Japan wipes the bad name “workaholic”. No more Zangyo.

October 29, 2014 Juju Kurihara Business, Custom, Vocabulary Tags: 0 Comments

One of the biggest food enterprises, Kagome announced a few days ago that they introduced "No More Zangyo" rule in this May and no employees are allowed to work extra hours after eight. They are aiming to cut the long working hours and increase the efficiency of the employee.

kagome 1Kagome is like a Japanese version of Heinz. Most of the tomato products are made by Kagome in Japan. It´s a very good initiation for many other companies to stop Zangyo (残業). This applies to not only the people who work in the office but also in the manufactories.   

The reason behind is because of the cost rise of the tomatoes and the cost increase regarding to a weak yen in the market, the company needs to cut the cost as much as possible. By controlling Zangyo hours, the company can save the overtime payment.  



While ago, iromegane talked about overtime workThe problem in the Japanese companies is, people stay just because their bosses don´t leave. It´s understandable there is a deadline and they have to finish but just because the boss doesn´t go home, others have to stay late for him. It doesn´t make sense. 

So, Kagome first pressures the tops. Although there is no penalty but the company pushes the bosses to leave by eight at the latest. At eight, the music is played to let people know the time. 

I think this is a good idea. When I worked for a stock company in Japan, one my colleagues was very worried what others would think if she went home earlier while they stay until late. I was just a tempo worker but there were about six or seven employees and they were all women. I knew that they would stay until ten or eleven in the night and they even came on Saturdays if their boss came. It was always "saabisu zangyo (サービス残業/ service overtime work)".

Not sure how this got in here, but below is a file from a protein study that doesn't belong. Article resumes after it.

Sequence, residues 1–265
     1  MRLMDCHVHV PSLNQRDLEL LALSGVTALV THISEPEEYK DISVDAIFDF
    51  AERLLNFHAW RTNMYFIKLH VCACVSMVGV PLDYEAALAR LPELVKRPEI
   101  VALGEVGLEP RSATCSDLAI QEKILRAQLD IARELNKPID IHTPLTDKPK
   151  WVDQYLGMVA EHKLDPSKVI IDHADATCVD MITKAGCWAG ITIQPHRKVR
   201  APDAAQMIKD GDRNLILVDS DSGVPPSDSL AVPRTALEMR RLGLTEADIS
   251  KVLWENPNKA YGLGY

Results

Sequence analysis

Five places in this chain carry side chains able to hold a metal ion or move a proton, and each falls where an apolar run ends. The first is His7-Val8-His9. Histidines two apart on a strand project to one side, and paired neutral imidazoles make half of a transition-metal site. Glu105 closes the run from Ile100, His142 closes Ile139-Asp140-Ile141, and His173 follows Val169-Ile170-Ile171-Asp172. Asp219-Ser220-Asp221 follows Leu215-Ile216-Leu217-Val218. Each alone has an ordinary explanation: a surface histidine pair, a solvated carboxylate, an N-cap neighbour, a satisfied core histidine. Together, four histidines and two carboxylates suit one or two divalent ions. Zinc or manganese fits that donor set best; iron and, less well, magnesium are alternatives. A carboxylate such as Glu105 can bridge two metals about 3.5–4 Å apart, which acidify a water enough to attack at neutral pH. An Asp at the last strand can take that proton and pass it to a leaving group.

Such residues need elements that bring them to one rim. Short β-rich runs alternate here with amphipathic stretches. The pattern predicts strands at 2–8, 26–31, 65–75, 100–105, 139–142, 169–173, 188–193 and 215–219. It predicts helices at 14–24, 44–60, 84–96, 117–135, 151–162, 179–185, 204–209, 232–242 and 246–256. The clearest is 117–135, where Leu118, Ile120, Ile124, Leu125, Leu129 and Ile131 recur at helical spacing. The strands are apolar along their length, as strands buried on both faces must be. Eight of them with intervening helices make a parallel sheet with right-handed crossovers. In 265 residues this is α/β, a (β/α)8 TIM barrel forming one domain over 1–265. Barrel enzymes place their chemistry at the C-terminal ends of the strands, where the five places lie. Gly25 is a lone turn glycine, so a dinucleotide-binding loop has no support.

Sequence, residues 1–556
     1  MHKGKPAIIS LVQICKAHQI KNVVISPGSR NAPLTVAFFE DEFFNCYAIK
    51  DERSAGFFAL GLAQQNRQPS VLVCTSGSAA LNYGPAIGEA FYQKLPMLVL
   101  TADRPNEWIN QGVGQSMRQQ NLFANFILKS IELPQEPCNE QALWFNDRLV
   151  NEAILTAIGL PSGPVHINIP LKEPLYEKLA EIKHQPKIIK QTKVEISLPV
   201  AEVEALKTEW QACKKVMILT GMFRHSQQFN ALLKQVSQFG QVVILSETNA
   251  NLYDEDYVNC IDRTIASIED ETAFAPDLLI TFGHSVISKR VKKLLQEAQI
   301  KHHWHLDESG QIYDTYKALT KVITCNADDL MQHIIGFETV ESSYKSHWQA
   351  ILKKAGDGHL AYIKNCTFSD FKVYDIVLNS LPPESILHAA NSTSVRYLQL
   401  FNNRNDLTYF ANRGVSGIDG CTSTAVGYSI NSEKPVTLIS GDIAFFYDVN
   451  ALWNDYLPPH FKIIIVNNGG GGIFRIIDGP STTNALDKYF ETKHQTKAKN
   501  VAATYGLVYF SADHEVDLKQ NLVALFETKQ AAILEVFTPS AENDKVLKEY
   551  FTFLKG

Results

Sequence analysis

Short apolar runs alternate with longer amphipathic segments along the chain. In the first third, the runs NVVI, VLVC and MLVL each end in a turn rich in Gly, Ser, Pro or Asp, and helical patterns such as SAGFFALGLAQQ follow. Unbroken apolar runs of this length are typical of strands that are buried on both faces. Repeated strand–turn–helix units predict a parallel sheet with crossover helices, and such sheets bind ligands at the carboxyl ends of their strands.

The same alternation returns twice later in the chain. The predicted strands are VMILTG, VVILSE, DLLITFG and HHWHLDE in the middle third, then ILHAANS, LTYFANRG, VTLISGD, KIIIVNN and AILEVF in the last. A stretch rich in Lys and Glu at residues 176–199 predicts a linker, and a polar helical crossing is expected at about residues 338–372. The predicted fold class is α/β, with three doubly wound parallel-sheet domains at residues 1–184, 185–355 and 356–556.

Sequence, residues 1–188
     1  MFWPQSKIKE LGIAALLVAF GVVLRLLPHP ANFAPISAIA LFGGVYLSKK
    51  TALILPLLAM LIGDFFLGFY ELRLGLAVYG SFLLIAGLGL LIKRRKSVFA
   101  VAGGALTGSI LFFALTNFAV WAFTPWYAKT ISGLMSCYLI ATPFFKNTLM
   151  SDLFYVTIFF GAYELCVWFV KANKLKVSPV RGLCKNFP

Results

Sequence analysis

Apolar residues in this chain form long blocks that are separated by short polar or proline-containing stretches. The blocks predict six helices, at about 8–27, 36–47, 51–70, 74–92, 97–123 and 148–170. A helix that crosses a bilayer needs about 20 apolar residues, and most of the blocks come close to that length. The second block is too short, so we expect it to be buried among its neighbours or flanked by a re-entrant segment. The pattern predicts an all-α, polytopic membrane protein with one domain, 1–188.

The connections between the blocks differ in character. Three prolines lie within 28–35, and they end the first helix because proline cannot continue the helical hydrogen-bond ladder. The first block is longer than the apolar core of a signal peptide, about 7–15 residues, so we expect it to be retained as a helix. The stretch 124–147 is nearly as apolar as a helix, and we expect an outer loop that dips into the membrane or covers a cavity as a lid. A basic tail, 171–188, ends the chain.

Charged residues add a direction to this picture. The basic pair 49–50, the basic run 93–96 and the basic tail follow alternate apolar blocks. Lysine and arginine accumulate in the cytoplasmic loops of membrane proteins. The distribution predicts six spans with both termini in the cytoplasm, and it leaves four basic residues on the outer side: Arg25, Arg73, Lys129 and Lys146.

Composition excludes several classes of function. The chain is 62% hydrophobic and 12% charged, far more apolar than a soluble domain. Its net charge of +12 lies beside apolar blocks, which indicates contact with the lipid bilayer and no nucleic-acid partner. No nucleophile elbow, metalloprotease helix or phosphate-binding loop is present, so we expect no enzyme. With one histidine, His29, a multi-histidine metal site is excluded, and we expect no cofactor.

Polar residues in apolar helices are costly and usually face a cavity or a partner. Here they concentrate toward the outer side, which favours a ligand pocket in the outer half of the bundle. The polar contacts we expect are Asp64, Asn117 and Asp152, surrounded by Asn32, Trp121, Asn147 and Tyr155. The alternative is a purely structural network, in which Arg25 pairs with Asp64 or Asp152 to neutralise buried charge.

Those employees couldn´t go home because the boss stayed and my tempo colleague couldn´t go home because the employees stayed. It´s simply a bad cycle. In this sense, the strategy of Kagome is good. They focus on the tops and the rest will leave naturally (without a feeling of guilt).  


teji taisha

More companies are introducing No zangyo Day even though it´s once a week. It´s not easy since Workaholic has become a second name of Japanese people. But they are trying to change among many other things.

I insist, the intention of Kagome is good. But in the reality, how many of Japanese sarariiman (サラリーマン/ businessmen) can close the computer and go home?

Because of the official no-overtime-work rule, companies may force their juniors to work more service overtime? That would be missing the point, wouldn´t it?


no zangyo day


There is an online survey. They asked 429 people between 20 and 40 years old of age. OK, not so many to define, but more than a half, 58.6% answered "I can leave always or most of the time the office on time on No Zangyo Day. And 41.4% said "impossible or most of the time I can´t". 

Smaller the company is, more difficult not to work overtime but about a half of people are doing it. It´s great. 



There are still some issues and problems in this Kagome´s new principle. I saw comments like:

– No penalty? Then it´s just a slogan poster left in the wall.

– Do they pay the overtime payment until 8pm?

– Are they going tell us, "OK, check the time card at 8 and now let´s start working!"?


People are a little sceptical. Although I´m quite optimistic. I hope this movement extend to more companies and Japanese people can enjoy their private life. What is your opinion?


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More about Japanese working situation

Service overtime work 



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